“The harder I work, the luckier I get.”


When deciding what strategy to apply each week, I first look at the market indexes. From these charts I can determine what is the most likely direction for the market to take in the near term. That will determine my strategy.

For the past couple of weeks, I have been looking for short selling set ups because the market was coming in to resistance and had run away from its upward trend line. Toward the end of last week, the market rolled over and started to head lower.

For the week ahead, I think the market probably continues lower as prices are still well above the upward trend line of support. However, we are not talking about a move downward that is significant enough for the long term short seller. Once prices are down to the upward trend line, there should be a bounce and a resumption of the long term upward trend.

So, traders should look to short strength this week, playing off of the intraday charts to pick your entry points. Longer term traders should wait for the pull back to be done and buy the bounce off of the upward trend line.

For this week, I show a chart of the SPY to help everyone visualize the cycles of pull backs to the upward trendline. You can see that this cycle has repeated a number of times over the past four months. That cycle could end anytime, but it has been pretty reliable.


1. SPY

V.MMC is not trading with great liquidity but it has made a noticeable increase in trading volume over the past two months. That tells me that something is happening with the stock to get people’s attention. I don’t really care what that something is, but it is a good sign.

The chart shows rising bottoms indicating investors are optimistic in the stock and the buyers are in control. Over the past few weeks price has been trading sideways indicating the stock is stable and has a good base. The sellers have not found much motivation to act yet.

What I would like to see is for this stock to break out of this trading range with a jump in volume. That would be a good entry signal for those comfortable with these kinds of stocks. Right now, support is at $0.16.


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Tyler Bollhorn started trading the stock market with $3,000 in capital, some borrowed from his credit card, when he was just 19 years old. As he worked through the Business program at the University of Calgary, he constantly followed the market and traded stocks. Upon graduation, he could not shake his addiction to the market, and so he continued to trade and study the market by day, while working as a DJ at night. From his 600 square foot basement suite that he shared with his brother, Mr. Bollhorn pursued his dream of making his living buying and selling stocks.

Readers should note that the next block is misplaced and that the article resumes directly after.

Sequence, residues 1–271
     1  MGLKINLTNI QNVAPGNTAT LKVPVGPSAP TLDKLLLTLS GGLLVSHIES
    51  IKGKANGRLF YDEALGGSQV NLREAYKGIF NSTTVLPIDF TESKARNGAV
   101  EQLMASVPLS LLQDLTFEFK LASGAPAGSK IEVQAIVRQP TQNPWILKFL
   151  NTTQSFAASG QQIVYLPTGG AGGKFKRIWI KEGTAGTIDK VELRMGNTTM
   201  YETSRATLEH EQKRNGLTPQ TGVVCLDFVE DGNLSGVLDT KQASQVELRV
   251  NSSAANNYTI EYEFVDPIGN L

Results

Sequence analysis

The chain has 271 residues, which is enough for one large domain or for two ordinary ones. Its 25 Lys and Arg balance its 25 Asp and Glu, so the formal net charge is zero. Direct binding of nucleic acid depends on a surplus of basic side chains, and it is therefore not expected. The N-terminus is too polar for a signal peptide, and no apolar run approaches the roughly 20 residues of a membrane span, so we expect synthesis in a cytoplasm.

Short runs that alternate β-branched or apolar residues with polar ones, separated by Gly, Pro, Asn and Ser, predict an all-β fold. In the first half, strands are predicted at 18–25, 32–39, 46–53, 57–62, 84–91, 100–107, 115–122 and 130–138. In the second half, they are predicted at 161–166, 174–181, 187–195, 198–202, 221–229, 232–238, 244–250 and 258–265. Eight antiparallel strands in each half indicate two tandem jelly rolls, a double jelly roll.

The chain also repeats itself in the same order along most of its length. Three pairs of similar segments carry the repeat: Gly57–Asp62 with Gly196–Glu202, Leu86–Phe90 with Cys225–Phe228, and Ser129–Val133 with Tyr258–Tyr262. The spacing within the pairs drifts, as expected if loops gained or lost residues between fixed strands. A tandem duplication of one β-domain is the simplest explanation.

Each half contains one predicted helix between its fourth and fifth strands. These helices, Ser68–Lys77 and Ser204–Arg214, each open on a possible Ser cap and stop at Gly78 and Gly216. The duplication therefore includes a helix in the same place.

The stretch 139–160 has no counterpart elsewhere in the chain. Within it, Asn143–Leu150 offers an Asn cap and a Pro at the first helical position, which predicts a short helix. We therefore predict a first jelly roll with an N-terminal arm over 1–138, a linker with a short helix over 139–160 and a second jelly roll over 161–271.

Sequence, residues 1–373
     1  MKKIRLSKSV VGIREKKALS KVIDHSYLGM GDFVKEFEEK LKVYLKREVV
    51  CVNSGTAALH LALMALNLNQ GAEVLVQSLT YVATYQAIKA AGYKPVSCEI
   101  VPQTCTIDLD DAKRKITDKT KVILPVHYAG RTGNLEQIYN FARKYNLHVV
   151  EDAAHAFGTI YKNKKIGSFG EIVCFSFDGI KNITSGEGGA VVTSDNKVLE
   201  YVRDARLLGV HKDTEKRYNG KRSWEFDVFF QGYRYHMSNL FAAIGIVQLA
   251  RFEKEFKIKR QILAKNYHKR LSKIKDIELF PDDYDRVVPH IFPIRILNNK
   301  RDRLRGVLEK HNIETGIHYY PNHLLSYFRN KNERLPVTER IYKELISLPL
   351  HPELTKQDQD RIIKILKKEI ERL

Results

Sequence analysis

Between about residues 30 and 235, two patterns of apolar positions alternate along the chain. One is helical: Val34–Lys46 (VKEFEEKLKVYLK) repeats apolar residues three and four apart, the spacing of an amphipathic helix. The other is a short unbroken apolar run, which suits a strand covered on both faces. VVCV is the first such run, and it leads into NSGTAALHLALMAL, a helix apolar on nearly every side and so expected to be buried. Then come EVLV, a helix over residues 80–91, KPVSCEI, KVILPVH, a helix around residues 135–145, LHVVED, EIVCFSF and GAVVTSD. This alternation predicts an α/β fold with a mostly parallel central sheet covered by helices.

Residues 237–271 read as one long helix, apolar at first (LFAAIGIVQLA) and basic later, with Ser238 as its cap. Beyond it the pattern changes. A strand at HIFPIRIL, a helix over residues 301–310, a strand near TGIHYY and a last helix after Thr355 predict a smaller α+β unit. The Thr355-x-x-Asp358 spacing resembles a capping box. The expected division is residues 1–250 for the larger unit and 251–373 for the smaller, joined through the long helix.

Slowly, he began to learn how the market works, and more importantly, how to consistently make money from it. He realized that the stock market is not fair, and that a small group of people make most of the money while the general public suffers. Eventually, he found some of the key ingredients to success, and turned $30,000 in to half a million dollars in only 3 months. His career as a stock trader had finally flourished.

Much of Mr Bollhorn’s work was pioneering, so he had to create his own tools to identify opportunities. With a vision of making the research process simpler and more effective, he created the Stockscores Approach to trading, and partnered with Stockgroup in the creation of the web site. He found that he enjoyed teaching others how the market works almost as much as trading it, and he has since taught hundreds of traders how to apply the Stockscores Approach to the market.

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This is not an investment advisory, and should not be used to make investment decisions. Information in Stockscores Perspectives is often opinionated and should be considered for information purposes only. No stock exchange anywhere has approved or disapproved of the information contained herein. There is no express or implied solicitation to buy or sell securities. The writers and editors of Perspectives may have positions in the stocks discussed above and may trade in the stocks mentioned. Don’t consider buying or selling any stock without conducting your own due diligence.